An olive or a fig tree-a sign that the earth has one more life to bear.
I would have done the same, proudly laying new stock into my father’s
A green sapling rising among the twisted apple boughs,
A promise of new fruit in other autumns.
But today we kneel in the cold planting you, our native giant,
Defying the practical custom of our fathers,
Wrapping in your roots a lock of hair, a piece of an infant’s birth cord,
All that remains above earth of a first-born son,
A few stray atoms brought back to the elements.
We will give you what we can — our labor and our soil,
Water drawn from the earth when the skies fail,
Nights scented with the ocean fog, days softened by the circuit of
We plant you in the corner of the grove, bathed in western light,
A slender shoot against the sunset.
And when our family is no more, all of his unborn brothers dead,
Every niece and nephew scattered, the house torn down,
His mother’s beauty ashes in the air,
I want you to stand among strangers, all young and ephemeral to you,
Silently keeping the secret of your birth.
Last night you called me out to the December dark
to look up and see what neither of us had ever seen
before: a burnished flock of Canada geese, bent
into a flexed bow and heading south across a clear-
starred moonless sky in silence, winging it
to warmer quarters, and all lit up—like mystery,
I thought, a lit thing bearing nothing but the self
we see and savor but know no more the meaning of
than I know what in the cave of its fixed gaze
our cat is thinking. The geese were lit to the shade
of tarnished gold or dead oak leaves hanging still
in sunshine, or the color tall reeds have when
car-lights stream and splash over them in winter.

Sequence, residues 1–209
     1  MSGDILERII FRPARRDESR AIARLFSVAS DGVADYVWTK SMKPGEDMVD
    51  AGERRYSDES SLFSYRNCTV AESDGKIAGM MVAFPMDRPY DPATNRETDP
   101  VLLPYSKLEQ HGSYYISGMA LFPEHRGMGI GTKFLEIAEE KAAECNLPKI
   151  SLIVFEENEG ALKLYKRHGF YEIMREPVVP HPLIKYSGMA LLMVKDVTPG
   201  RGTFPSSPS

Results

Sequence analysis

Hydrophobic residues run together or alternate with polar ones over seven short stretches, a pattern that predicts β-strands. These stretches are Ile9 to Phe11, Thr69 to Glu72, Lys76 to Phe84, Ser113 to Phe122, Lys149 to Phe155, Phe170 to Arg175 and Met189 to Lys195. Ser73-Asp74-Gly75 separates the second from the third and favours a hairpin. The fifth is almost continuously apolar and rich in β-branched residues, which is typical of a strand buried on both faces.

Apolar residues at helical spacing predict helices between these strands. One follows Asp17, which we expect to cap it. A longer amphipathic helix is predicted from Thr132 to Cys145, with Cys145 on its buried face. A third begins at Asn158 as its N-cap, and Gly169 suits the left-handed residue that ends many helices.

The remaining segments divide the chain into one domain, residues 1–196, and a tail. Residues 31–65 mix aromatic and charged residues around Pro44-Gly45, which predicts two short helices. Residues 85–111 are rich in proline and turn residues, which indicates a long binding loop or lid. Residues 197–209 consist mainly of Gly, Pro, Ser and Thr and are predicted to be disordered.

And they were—these beings moving as one—
a mystery to us: Why, we asked, their color, who
by daylight are simply black-winged shapes
quickening southwards across a sky-blue canvas?
How could they be lit from below like that, from
somewhere near where we stood on the earth
we shared with them, staring up, the earth that
for this inhabited minute or two must have been
giving off a light that made these creatures shine
for us who were there by chance, with no moonshine
to explain it? Then they’re gone, gone dark, gone on,
though in their aftermath the cold dark we stood
our ground in was for a little while neither cold
nor dark but a place of visitation, and we were in it.
I am! yet what I am none cares or knows,
My friends forsake me like a memory lost;
I am the self-consumer of my woes,
They rise and vanish in oblivious host,
Like shades in love and death’s oblivion lost;
And yet I am! and live with shadows tost
Into the nothingness of scorn and noise,
Into the living sea of waking dreams,
Where there is neither sense of life nor joys,
But the vast shipwreck of my life’s esteems;
And e’en the dearest—that I loved the best—
Are strange—nay, rather stranger than the rest.
I long for scenes where man has never trod;
A place where woman never smil’d or wept;
There to abide with my creator, God,
And sleep as I in childhood sweetly slept:
Untroubling and untroubled where I lie;
The grass below—above the vaulted sky.